Serenity Stewart was profiled in the January 2015 issue of World Class magazine. In order to read the article, follow the link to the page on the World Class site. Hover over the thumbnail of the magazine cover and click the Expand button that appears. Her article begins on page 48.
Serenity was interviewed on the March 20, 2014 episode of Dr. Irene Conlan’s The Self Improvement Show. The episode description is below and you can listen to the episode for free.
“Serenity Stewart is a top jazz singer—a seasoned entertainer described as “Sultry, a little bawdy, and very talented…a stunningly talented songstress with a naughty twinkle in her eye and plenty of curves all around.” She has two successful albums and a very busy performance schedule including a recent tour in Europe. In 2005, after suffering a brain aneurism and writing a will because she was sure she was dying, she surprised everyone, especially herself, by making a full recovery. During that recovery she realized it was time for her to live her dream. She will tell us her story, share her music, and give us insights into how she raised four children on her own, managed to earn a successful living in something that was not her passion, and what it’s like to finally live her dream. This is one show you won’t want to miss. http://www.serenitystewart.com.”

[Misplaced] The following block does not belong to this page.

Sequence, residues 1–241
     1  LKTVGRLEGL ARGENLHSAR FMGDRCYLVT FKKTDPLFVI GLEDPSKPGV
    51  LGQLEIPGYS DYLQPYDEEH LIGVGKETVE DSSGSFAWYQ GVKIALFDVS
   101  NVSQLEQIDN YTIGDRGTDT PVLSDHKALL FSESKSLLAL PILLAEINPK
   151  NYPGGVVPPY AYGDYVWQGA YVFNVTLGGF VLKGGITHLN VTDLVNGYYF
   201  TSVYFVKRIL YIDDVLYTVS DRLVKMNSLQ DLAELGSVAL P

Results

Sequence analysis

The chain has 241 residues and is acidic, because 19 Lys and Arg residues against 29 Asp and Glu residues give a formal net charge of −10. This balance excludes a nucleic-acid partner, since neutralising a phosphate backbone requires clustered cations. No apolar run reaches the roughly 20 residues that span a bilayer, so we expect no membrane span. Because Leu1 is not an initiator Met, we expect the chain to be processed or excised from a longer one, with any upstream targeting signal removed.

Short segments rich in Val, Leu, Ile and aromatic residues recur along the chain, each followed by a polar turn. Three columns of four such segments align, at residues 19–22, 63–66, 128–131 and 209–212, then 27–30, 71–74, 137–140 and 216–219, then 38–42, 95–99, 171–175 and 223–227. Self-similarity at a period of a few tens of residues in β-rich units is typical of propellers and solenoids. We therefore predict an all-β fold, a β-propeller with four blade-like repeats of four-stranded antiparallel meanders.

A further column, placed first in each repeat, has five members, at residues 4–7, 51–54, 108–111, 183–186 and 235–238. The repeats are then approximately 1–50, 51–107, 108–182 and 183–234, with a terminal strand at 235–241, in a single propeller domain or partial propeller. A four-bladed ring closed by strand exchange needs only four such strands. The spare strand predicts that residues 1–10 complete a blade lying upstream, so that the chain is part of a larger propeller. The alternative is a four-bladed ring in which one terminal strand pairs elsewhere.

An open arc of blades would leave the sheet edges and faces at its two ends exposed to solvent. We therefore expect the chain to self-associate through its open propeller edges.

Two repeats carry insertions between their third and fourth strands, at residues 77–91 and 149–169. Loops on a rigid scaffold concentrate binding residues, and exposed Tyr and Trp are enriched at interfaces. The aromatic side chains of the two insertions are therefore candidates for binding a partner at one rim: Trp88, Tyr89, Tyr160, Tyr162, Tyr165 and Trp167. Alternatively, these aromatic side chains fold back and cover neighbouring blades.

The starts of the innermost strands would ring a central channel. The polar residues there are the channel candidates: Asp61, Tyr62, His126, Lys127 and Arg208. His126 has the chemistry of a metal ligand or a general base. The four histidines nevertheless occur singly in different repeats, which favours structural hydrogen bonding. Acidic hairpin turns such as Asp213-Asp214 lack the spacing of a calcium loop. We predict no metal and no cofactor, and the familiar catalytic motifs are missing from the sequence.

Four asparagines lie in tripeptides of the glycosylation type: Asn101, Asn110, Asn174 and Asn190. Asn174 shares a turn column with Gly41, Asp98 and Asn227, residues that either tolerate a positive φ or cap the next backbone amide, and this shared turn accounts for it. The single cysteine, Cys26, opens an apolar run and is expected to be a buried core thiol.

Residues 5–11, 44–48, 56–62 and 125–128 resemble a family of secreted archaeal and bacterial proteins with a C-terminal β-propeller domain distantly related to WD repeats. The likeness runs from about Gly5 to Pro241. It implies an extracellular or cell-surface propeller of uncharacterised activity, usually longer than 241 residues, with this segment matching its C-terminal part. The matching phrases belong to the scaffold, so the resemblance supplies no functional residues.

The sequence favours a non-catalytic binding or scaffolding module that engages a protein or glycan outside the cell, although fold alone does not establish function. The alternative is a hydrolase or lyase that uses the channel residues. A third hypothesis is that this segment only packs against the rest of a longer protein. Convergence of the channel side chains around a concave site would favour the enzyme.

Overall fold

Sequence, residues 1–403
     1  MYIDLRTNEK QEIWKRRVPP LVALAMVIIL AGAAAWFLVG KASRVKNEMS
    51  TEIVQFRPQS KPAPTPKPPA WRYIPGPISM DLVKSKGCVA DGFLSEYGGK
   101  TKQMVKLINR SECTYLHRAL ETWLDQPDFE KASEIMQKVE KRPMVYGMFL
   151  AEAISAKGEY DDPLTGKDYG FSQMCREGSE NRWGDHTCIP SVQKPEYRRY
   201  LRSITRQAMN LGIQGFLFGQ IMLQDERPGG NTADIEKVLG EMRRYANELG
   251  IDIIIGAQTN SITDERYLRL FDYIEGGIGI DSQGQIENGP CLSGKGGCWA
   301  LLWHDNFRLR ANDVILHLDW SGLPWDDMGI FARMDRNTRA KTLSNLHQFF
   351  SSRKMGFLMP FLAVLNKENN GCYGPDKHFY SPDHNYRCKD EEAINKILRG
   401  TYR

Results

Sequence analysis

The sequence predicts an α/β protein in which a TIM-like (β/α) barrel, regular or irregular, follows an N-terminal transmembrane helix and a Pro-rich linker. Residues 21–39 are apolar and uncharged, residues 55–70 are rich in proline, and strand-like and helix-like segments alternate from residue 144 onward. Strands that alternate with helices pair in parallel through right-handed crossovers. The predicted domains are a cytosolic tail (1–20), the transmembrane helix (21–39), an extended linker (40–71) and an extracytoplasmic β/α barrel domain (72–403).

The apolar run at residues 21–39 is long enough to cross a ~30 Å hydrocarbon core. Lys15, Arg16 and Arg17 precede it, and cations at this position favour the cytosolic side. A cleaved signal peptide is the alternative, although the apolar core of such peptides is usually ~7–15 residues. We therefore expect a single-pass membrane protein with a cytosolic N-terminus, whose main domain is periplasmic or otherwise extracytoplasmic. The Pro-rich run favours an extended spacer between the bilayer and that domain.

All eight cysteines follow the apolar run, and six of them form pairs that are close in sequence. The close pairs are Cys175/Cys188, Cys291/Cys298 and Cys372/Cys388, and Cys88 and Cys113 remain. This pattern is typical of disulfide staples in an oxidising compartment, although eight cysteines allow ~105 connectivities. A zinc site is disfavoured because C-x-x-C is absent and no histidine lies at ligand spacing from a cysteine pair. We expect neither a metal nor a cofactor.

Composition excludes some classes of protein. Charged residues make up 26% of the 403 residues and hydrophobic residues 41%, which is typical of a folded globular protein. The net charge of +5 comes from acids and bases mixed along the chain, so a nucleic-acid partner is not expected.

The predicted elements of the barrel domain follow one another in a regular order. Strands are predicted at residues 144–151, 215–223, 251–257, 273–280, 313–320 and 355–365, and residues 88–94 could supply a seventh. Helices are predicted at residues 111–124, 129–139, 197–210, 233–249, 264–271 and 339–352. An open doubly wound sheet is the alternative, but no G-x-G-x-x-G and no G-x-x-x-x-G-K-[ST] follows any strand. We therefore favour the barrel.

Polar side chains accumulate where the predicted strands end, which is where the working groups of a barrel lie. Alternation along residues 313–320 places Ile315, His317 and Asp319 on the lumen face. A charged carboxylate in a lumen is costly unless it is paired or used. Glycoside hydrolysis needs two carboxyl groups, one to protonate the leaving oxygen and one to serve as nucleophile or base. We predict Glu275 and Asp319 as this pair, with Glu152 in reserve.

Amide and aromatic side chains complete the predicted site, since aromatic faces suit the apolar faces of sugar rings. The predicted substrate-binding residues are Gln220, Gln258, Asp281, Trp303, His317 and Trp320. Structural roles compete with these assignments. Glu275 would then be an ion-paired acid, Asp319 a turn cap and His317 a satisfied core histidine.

The recent release of Champagne Taste has propelled Serenity Stewart to the top of the jazz genre in Phoenix on ReverbNation. Make sure to visit her page on ReverbNation where you can listen to the new songs and share your favorites on Facebook and Twitter. If you haven’t already purchased your copy of Champagne Taste, get it now in the iTunes store.
Click to View: In Studio with Serenity Stewart
The song “Laura” written by David Raskin was of course from the 1944 American Film Noir of the same name directed and produced by Otto Preminger
” so many people hark back so eagerly to the music we composed for the great romantic movies of the ’30s, ’40s and ’50s. for within that music remains the last unexplored treasure of real melody, as we have known it all our lives. And that time may have been the last time when composers dealt openly and affirmatively with the life-sustaining idea of love — in terms comprehensible to the great audience”. David Raksin